Cursed By Destiny Page 31

He didn’t look up from the chessboard. “Considering beings spawned from hell itself wish to annihilate you, I believe magical reinforcements are in order.” He lifted a knight. “Especially given that your beast grows restless if restricted and you find my bodyguards . . .”

“Annoying? Obnoxious? Rude?” I offered.

The edges of Misha’s mouth lifted, but he ignored my jabs at Hank and Tim. “The shields will help block any magical attacks while you’re off premises and keep you secure until help arrives.”

Misha placed the knight in front of one of my pawns. I knew the little guy was screwed, but not sure why. I couldn’t play chess; I barely managed checkers. Misha considered it an important skill, so I let him try to teach me. “I don’t get why you want me to learn this stuff.”

That earned me a full smile. “This stuff has helped leaders like Napoléon conquer Europe.”

“I just feel bad for the little guy.”

“Napoléon?”

“No, the pawn.”

“Kitten, the pawns are necessary sacrifices to win the game.”

“It’s just so unfair. Why doesn’t the knight or the king ever try to protect them?”

“They are more important and need to be spared. Do you not consider the president worth protecting, say, over a vagrant?”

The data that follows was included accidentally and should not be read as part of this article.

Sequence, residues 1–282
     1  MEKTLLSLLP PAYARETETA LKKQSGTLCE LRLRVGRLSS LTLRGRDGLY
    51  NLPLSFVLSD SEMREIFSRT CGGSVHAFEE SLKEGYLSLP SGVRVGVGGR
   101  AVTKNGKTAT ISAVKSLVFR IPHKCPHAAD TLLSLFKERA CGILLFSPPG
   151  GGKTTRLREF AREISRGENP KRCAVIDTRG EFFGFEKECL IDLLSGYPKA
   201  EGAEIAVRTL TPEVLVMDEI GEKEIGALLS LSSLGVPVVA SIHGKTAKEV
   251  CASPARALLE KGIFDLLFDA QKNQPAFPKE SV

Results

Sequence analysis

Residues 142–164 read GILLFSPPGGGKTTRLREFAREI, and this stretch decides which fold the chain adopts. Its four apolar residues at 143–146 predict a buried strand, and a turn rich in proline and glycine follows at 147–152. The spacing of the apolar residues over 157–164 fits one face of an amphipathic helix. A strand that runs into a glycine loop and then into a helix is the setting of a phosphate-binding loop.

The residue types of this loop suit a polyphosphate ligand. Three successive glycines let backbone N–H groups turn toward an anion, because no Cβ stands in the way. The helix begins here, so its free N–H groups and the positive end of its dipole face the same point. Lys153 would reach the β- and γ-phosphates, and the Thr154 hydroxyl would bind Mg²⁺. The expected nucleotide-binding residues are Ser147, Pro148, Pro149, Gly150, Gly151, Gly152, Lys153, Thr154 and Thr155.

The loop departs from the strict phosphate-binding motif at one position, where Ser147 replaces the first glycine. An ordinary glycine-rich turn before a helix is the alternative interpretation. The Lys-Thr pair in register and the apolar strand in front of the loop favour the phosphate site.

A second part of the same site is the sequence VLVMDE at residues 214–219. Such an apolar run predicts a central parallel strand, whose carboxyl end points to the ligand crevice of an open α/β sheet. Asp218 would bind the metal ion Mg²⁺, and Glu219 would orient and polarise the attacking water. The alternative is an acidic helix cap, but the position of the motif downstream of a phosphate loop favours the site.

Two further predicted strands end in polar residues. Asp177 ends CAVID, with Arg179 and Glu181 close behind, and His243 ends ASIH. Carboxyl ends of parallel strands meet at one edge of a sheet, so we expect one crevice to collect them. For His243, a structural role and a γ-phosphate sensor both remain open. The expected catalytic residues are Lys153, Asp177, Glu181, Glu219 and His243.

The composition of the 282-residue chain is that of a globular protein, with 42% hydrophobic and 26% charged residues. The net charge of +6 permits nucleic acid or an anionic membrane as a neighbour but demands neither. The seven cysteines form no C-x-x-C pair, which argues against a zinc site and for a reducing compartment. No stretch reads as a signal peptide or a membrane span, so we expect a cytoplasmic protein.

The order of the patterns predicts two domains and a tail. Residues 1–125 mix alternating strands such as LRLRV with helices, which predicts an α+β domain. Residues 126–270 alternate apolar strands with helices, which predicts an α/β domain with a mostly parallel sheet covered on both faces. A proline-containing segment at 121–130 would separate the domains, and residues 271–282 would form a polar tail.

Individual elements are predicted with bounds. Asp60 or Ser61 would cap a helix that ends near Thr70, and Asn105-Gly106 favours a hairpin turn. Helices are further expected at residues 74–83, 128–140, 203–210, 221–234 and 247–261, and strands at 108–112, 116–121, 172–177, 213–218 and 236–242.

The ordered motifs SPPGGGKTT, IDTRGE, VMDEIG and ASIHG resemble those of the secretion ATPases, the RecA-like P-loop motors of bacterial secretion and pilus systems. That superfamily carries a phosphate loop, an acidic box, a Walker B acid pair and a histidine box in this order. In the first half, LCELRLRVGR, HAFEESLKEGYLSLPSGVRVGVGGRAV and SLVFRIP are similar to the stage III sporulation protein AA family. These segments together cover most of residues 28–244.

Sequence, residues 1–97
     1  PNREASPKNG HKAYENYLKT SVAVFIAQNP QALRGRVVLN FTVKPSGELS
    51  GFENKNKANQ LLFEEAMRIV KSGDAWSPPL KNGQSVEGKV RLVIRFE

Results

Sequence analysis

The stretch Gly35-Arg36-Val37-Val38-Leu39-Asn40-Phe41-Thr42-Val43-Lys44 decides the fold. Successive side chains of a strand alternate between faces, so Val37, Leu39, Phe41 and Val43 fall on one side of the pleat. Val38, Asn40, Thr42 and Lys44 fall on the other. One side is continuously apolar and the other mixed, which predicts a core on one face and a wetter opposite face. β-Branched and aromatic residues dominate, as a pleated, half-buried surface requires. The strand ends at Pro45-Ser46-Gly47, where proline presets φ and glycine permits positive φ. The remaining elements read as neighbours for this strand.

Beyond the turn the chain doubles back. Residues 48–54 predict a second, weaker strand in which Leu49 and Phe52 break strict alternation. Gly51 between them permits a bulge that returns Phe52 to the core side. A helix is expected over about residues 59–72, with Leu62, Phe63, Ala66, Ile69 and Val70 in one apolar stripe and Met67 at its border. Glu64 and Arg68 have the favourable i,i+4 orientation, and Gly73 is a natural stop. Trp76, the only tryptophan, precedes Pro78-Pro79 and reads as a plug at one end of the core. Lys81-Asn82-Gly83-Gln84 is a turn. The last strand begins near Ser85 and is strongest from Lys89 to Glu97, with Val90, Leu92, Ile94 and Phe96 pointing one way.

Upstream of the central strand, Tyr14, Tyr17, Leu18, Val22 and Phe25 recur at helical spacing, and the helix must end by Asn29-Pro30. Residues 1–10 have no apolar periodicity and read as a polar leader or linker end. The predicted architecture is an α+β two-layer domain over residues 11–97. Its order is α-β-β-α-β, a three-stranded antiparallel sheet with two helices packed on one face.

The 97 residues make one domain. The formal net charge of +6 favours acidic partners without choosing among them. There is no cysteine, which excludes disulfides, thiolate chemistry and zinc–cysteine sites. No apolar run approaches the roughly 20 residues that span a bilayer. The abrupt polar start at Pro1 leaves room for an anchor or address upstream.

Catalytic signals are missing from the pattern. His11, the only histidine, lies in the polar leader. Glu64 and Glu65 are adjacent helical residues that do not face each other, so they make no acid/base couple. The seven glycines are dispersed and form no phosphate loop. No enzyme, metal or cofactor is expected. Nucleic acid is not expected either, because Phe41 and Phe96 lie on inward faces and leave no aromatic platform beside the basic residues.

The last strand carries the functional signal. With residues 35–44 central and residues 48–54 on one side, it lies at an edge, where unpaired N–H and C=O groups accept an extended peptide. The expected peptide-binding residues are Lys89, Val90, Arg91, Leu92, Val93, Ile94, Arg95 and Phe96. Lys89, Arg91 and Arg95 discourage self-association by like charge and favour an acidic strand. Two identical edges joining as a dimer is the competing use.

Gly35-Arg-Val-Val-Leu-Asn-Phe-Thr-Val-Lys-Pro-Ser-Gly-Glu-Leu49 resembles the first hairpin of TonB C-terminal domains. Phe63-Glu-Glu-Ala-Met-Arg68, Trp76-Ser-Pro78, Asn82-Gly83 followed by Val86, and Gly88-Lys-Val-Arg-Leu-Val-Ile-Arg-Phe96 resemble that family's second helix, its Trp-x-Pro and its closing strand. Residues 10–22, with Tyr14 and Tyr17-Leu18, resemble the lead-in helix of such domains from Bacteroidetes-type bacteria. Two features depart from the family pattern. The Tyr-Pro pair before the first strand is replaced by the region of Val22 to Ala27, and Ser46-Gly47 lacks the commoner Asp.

“A vagrant would feel just as much pain if he were shot.”

Misha scrutinized me carefully. His hair cascaded over a silver-colored sweater that accentuated his powerful gray eyes and swathed his strong physique. He hadn’t said much since he’d left the guesthouse earlier. When he asked me to join him for a round of chess after dinner, I thought it was to finally iron out our differences. He’d spoken only a few words. I tilted my head, trying to figure him out.

Misha could be so very hard, like his body. I sometimes wished his master status would allow the gentleness of his soul to rise to the surface. But that wasn’t possible. Any sign of weakness invited an attack from another master. That meant bloodshed until only one master stood victorious.

I watched him take my pawn following my oh-so-strategic move and tucked my legs beneath me. “What’s up with the queen?”

“She is the most versatile.”

“She also seems to be the one in charge, even more so than the king.”

“A strong woman is capable of bringing even the most powerful male to his knees.”

I blinked back at him. “Are we still talking about chess?”

Misha ignored my question and instead he brushed his hair away from his face. “Tell me about your parents,” he said.

My legs slipped back to the floor. “What do you want to know?”

“How they came to be as one.”

I gripped the chair arms and forced myself to relax when I felt my claws protrude and dig into the heavy mahogany. “My mother was born in El Salvador. She was the youngest of seven children and moved to the States when she was about four.”

“An immigrant?”

I nodded.

“Like me?”

I smiled without humor. “No. Not like you. Being the youngest, and educated here, she became the most Americanized. She embraced the culture, fell in love with the music, and lost her accent completely. Her skin and eyes were lighter than the rest of her family and she was often mistaken for a Caucasian American. She was kind and funny.” A hint of anger found its way into my husky voice. “But her family didn’t like her much. I think they were jealous she managed to fit in so well while they continued to struggle.”